Delta Dental of Wisconsin Funds Water Bottle Filling Stations at 27 Schools

Dentistry Today


The Delta Dental of Wisconsin Foundation Cool Water Program has awarded $100,000 to 27 schools in Wisconsin for water bottle filling stations this year.

Traditionally, the Cool Water Program grant has covered the installation cost of new filling stations at 20 schools and provided toothbrushes and dishwasher-safe water bottles for all students and staff.

This year, though, the Wisconsin Department of Public Instruction recommended that schools discontinue the use of shared drinking fountains. So, the Foundation decided to forego the water bottles and toothbrushes and fund seven more schools instead.

With more schools receiving the grant, each school will instead receive a small supply of water bottles for students in need.

“While the importance of drinking water has not changed, the current landscape of schools during the COVID-19 pandemic has changed how students can access water during the school day,” said Megan Tenpas, a community outreach specialist.

“This grant allows more Wisconsin schools to have a touchless water bottle filling station installed, which is so important in stopping the spread of germs and keeping students hydrated,” said Tenpas.

Drinking water, especially fluoridated water, helps reduce cavities and protects tooth enamel by washing away harmful bacteria, the Foundation said. Also, more than 50% of children and teens in the United States aren’t properly hydrated, the Foundation said. Benefits of adequate hydration include improved cognitive function, higher energy levels, and fewer headaches.

Additionally, the Foundation said, youth who drink water during the day are less likely to consume sugary beverages, and reducing sugar intake can decrease the occurrence of cavities and reduce obesity.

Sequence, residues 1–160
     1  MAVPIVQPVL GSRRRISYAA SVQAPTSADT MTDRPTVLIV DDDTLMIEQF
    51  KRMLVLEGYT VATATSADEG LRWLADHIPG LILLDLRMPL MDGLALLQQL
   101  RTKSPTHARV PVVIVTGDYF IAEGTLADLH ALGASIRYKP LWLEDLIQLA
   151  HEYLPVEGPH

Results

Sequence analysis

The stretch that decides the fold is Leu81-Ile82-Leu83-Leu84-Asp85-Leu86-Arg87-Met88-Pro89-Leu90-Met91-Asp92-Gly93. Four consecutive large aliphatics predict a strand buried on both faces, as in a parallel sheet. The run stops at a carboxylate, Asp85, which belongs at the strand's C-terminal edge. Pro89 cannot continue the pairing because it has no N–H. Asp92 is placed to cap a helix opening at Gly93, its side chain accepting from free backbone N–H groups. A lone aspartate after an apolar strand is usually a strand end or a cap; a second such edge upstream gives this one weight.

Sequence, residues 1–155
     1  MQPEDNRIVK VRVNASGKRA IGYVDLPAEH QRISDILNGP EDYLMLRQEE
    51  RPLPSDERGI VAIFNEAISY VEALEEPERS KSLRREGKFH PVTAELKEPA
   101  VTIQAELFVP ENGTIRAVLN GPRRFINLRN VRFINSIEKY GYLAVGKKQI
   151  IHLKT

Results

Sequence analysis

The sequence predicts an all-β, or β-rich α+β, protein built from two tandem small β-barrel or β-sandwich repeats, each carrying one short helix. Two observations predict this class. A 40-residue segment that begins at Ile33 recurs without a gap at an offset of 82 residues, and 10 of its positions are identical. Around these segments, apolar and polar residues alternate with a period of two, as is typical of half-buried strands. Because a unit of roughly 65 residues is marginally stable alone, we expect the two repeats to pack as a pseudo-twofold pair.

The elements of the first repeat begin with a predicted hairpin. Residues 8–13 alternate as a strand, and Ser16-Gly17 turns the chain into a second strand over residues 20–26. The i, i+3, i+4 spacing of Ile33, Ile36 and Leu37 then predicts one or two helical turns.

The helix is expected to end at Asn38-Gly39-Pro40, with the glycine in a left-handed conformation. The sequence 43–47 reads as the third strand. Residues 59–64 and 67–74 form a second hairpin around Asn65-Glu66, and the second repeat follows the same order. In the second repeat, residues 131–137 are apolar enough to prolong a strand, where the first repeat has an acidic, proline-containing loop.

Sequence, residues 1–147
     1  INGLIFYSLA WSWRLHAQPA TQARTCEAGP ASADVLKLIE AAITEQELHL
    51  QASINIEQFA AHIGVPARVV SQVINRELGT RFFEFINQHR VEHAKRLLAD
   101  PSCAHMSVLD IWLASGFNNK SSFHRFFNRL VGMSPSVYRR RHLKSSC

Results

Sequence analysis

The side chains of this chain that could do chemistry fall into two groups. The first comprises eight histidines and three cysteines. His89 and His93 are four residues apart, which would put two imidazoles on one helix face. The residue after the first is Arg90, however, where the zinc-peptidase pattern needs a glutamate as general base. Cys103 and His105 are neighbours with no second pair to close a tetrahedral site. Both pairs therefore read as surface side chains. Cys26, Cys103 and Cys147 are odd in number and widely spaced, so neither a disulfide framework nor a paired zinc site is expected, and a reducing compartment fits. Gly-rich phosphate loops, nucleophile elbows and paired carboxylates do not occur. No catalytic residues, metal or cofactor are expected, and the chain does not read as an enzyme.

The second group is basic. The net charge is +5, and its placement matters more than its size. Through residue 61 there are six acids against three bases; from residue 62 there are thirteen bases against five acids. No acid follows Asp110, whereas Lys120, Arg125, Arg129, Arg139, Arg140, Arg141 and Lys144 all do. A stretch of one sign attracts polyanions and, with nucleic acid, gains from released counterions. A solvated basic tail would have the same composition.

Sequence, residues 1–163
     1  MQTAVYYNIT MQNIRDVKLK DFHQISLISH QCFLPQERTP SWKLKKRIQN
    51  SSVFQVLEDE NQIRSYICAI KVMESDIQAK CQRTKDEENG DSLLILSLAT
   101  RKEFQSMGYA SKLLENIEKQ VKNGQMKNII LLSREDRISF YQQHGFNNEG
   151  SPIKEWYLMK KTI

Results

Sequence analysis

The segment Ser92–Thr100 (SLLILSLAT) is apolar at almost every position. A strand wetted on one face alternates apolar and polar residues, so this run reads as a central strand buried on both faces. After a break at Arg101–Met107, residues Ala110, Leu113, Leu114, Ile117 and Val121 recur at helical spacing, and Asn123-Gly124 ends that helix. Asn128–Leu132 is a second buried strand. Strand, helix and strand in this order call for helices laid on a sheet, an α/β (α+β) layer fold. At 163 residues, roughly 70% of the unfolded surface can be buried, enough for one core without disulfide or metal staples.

Selected schools include:

  • Notre Dame School of Milwaukee, Blessed Theresa Campus (private)
  • Maple Tree Elementary, Milwaukee (Milwaukee Public Schools)
  • Riley School, Milwaukee (Milwaukee Public Schools)
  • St. Joan Antida High School, Milwaukee (Archdiocese of Milwaukee)
  • Hawthorne Elementary, Milwaukee (Milwaukee Public Schools)
  • Vernon Elementary, Kenosha (Kensoha Unified School District)
  • John Marshall Elementary, Wausau (Wausau School District)
  • Grove Elementary, Wisconsin Rapids (Wisconsin Rapids Public Schools)
  • Yeshiva Elementary, Milwaukee (private)
  • Madison Elementary, Marshfield (Unified School District of Marshfield)
  • Lincoln Elementary, Whitewater (Whitewater Unified School District)
  • Lincoln Elementary, New London (School District of New London)
  • Northwoods Elementary, Eau Claire (Eau Claire School District)
  • Star Center Elementary, Lake Geneva (Lake Geneva Schools)
  • Tomahawk Elementary, Tomahawk (Tomahawk School District)
  • Whitehorse Middle School, Madison (Madison Metro School District)
  • Spring Hill Elementary, Wisconsin Dells (School District of Wisconsin Dells)
  • Iron River Elementary, Iron River (Maple School District)
  • Mellen School, Mellen (Mellen School District)
  • Marion Elementary, Marion (Marion School District)
  • St. Joseph Academy, Milwaukee (private)
  • Lincoln Elementary, Wausau (Wausau School District)
  • Franklin Elementary, West Allis (West Allis-West Milwaukee School District)
  • Humke Elementary, Nekoosa (Nekoosa School District)
  • Good Shepherd Lutheran, Watertown (Watertown Unified School District)
  • Horace Mann Middle School, Wausau (Wausau School District)
  • Gordon L. Wilson, Baraboo (Baraboo School District)

Awardees were selected based on whether the schools had fluoridated water, a high percentage of students with free and reduced meals, and the sustainability and creativity of their implementation plans to encourage students to drink more water.

While many schools may look and operate differently this fall, the Foundation said, students and staff at these schools will have access to water filling stations when they are in the building.

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